Adam S. Frost
Structural and Functional Characterization of the Ribosome Quality Control or RQC Complex
Age-associated diseases like neurodegeneration and heart failure are among the most prevalent causes of human morbidity. These diseases are also exceptionally difficult to study mechanistically. At the most fundamental level, we do not how long-lived cells such as neurons or cardiac myocytes counteract the accumulation of damaged or aggregated proteins over a lifetime. My lab seeks to understand the protein quality control and recycling mechanisms that protect such cells from age-associated decline. This effort led us and our collaborators to co-discover a new quality control pathway that utilizes a ribosome-bound assembly named the Ribosome Quality Control complex (RQC). The RQC complex comprises an E3 ubiquitin ligase (Ltn1), two uncharacterized proteins (Tae2 and Rqc1), and the AAA+ ATPase Cdc48/p97. These factors are conserved throughout eukaryotic evolution, permitting us to perform functional and structural studies in yeast in order to dissect molecular mechanisms that pertain to humans. We demonstrated that the RQC recognizes stalled ribosomes due to defective or inhibited translation and triggers the degradation of flawed or stuck translation products. Failures or deficiencies of this pathway have already been implicated in age-associated diseases. Mice harboring a hypomorphic allele of LTN1/Listerin suffer from a profound neurodegeneration syndrome. Mutation of Cdc48/p97, moreover, causes the neuro-degenerative syndromes Inclusion Body Myopathy with Paget disease and Fronto-temporal Dementia (IBMPFD), and some cases of Amyotrophic Lateral Sclerosis (ALS). These rare, monogenic diseases portend a broader role for the RQC in both inherited and sporadic cases of neurodegeneration. We propose to determine the structural mechanisms by which the RQC recognizes stalled ribosomes and extracts defective translation products for degradation. Our proposal to combine structural, biochemical and genetic studies of the RQC complex will lead to a greater understanding of this newly-discovered pathway and inform efforts to enhance its protective function in aging people.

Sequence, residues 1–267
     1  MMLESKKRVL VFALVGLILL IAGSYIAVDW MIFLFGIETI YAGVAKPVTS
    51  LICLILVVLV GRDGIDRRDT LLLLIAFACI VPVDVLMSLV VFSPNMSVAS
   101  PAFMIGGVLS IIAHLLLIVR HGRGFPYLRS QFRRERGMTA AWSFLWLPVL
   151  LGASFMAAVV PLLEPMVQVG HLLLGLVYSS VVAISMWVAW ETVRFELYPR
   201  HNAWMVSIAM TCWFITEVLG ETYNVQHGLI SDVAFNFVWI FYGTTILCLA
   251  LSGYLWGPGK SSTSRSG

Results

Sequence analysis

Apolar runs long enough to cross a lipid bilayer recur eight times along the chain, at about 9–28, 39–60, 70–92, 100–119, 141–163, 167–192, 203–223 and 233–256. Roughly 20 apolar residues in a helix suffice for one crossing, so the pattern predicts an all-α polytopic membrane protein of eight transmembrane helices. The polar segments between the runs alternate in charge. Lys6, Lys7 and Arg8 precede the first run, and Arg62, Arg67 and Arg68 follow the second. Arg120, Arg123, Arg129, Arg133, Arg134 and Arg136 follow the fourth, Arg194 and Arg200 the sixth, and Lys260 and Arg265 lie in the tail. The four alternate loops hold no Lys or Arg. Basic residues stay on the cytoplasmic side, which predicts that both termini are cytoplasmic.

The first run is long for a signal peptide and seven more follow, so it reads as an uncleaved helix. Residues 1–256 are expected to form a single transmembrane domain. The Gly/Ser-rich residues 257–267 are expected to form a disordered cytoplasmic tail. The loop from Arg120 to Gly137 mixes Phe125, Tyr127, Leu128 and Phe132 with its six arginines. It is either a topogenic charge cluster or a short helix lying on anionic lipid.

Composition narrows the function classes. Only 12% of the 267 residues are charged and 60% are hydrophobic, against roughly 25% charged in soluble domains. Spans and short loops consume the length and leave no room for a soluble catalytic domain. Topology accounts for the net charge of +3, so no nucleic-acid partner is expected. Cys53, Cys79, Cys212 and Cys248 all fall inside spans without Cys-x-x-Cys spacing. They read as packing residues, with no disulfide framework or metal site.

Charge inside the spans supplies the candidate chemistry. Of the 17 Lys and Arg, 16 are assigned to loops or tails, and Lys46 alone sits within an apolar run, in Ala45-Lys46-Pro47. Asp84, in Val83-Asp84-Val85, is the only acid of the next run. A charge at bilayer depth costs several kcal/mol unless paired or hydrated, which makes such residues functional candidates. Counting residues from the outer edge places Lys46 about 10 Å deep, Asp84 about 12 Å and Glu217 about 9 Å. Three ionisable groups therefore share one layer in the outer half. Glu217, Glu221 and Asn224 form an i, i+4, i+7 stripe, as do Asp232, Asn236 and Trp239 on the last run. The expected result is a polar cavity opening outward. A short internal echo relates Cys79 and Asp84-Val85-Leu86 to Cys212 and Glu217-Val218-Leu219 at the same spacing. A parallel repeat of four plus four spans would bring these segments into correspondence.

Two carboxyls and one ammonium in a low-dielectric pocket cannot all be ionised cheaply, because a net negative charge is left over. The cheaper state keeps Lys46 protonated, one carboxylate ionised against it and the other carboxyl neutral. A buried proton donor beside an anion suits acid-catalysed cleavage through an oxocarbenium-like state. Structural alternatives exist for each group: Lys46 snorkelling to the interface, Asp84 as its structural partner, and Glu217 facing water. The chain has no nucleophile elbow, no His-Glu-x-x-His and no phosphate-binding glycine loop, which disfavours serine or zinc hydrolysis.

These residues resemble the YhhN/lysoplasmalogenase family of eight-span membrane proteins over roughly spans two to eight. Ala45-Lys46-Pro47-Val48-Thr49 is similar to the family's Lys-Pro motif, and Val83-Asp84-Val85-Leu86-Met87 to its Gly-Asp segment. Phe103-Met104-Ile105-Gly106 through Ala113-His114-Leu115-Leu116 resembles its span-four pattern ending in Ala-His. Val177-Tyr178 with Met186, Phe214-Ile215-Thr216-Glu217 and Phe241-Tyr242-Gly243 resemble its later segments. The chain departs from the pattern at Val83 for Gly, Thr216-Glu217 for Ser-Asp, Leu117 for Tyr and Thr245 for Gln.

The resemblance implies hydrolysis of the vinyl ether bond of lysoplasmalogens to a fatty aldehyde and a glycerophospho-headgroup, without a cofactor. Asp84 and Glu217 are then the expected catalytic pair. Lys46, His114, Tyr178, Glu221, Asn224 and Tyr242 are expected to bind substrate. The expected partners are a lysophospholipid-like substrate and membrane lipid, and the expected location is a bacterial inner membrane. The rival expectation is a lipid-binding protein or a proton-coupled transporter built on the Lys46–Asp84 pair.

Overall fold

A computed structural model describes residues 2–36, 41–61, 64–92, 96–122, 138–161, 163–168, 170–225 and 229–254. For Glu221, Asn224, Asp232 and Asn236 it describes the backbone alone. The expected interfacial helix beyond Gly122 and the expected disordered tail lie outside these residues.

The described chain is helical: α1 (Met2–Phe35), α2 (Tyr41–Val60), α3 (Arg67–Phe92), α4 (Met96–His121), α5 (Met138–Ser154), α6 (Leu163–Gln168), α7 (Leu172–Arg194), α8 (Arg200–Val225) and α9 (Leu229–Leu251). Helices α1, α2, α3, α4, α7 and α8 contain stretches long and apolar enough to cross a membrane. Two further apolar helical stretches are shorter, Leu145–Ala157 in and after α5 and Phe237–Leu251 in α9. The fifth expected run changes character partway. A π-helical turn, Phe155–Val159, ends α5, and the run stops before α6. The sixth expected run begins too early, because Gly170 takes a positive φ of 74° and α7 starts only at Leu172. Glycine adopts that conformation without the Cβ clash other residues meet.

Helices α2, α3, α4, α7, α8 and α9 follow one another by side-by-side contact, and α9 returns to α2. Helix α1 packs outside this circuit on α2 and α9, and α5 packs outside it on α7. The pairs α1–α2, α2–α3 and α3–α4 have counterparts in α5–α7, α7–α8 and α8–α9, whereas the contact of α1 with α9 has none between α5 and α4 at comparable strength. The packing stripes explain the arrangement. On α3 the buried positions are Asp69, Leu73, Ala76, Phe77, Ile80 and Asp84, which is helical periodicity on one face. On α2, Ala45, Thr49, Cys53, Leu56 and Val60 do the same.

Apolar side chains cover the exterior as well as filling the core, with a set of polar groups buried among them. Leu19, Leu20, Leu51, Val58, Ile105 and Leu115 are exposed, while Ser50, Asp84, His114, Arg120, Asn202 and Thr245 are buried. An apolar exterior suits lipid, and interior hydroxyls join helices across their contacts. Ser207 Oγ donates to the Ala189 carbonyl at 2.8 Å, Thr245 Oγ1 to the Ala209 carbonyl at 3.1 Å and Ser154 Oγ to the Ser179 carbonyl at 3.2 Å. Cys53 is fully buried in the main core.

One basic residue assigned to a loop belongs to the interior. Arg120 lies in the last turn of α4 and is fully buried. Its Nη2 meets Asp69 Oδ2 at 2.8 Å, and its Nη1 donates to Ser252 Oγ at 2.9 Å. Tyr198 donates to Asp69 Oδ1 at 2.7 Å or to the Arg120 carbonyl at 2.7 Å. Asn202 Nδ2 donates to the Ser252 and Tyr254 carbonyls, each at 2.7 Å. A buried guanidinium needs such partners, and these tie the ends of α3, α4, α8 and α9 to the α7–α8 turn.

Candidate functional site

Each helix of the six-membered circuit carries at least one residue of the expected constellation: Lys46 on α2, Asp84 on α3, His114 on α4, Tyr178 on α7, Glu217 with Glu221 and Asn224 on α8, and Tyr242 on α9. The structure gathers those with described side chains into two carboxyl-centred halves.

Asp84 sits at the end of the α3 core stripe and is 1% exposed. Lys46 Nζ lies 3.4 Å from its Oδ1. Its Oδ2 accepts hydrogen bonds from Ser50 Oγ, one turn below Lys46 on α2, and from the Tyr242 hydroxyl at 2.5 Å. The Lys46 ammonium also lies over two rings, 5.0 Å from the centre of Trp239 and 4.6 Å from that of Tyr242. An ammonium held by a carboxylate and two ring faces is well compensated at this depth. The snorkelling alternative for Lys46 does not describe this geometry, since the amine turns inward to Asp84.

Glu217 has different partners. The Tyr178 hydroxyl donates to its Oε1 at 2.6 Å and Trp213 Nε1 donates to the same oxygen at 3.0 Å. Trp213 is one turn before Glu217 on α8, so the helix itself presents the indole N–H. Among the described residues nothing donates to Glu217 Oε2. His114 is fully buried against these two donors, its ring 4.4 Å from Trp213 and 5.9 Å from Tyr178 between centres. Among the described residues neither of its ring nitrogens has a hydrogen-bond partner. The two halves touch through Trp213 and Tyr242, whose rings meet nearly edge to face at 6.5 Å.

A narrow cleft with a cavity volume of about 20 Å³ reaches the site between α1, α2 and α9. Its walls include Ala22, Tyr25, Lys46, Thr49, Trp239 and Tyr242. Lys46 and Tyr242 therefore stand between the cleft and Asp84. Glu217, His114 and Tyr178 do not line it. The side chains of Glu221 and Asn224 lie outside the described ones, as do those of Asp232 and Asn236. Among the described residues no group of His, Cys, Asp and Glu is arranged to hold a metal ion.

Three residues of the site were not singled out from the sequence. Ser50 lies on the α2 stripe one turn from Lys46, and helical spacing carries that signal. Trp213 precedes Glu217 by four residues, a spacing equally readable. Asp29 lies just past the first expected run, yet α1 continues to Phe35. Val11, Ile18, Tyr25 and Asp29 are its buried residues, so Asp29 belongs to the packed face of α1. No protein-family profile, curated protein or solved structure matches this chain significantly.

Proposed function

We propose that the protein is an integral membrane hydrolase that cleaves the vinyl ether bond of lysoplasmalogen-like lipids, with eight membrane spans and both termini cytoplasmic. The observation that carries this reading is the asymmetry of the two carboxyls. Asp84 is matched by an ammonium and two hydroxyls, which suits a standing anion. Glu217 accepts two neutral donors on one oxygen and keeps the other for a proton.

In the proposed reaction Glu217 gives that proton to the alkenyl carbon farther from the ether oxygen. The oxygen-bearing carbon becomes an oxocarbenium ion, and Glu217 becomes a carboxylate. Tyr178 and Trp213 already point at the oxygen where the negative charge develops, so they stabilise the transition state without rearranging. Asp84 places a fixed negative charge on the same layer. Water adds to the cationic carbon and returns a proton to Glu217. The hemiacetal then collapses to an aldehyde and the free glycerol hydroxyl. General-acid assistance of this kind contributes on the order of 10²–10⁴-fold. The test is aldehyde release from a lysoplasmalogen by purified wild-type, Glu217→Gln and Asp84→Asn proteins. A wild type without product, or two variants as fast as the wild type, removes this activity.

other research interests
Our limited knowledge of membrane-associated machines stems from the inherent difficulties in studying multi-component complexes that only assemble on the surface of phospholipid bilayers. To overcome these challenges we are developing genetic, biochemical and structural approaches that will allow us to discover and characterize membrane-associated machines in molecular detail and to learn how they function within complex cellular pathways. We are 1) building genome-wide genetic interaction maps to identify multi-component complexes and to annotate their functions; and 2) exploiting advances in cryo-electron microscopy and image analysis to resolve the molecular structures of these machines in native, membrane-associated states. These two arms of our undertaking are distinct technologically but mutually reinforcing: genetic studies define functional complexes for in vitro studies and then, when we solve a molecular structure by cryoEM, we test the functional predictions of our model with loss-of-function phenotypes and genetic suppression assays. Together these orthogonal methods provide synergistic observations of the mechanisms that underlie in vivo functions.
We are focusing initially on molecular machines that remodel cellular membranes during organelle biogenesis, organelle homeostasis, and cytokinesis. Our analyses of genetic interaction networks from multiple model organisms and work by our collaborators have allowed us to identify four membrane-associated machines for in depth study: 1) The regulatory complexes formed with dynamin-family GTPases, which control endocytosis and mitochondrial fragmentation; 2) The ESCRT-III and VPS4 protein complexes, which catalyze membrane fission in diverse cellular contexts; 3) A complex containing a novel transmembrane protein, a BEACH-domain protein, and a Rab GTPase we discovered that appears to measure lysosome size and to promote lysosome fragmentation; and 4) the STRIPAK complex, which we discovered bridges Golgi and nuclear membranes and mediates targeting of Golgi fragments to mitotic centrosomes and Golgi reassembly following cytokinesis.
In parallel to our cell biological studies, we are developing new analysis methods for studying membrane-associated complexes. For example, we have developed algorithms for correcting a common aberration in electron micrographs of phospholipid bilayers. The aberration arises from Fresnel diffraction along the strong scattering edges of phosphate-rich lipid headgroups and, when uncorrected, this Fresnel fringe obscures the signal from membrane-bound and transmembrane proteins in real-space reconstruction procedures. In conjunction with advances in electron optics and electron detectors, we expect our analysis to enable molecular and even near-atomic resolution 3D reconstructions of membrane-associated complexes — structures that cannot be solved by any other technique. By validating our structures with other forms of dynamic microscopy and genetic assays, we hope to close the gap in structural biology where membranes and membrane-associated molecules have remained out of sight.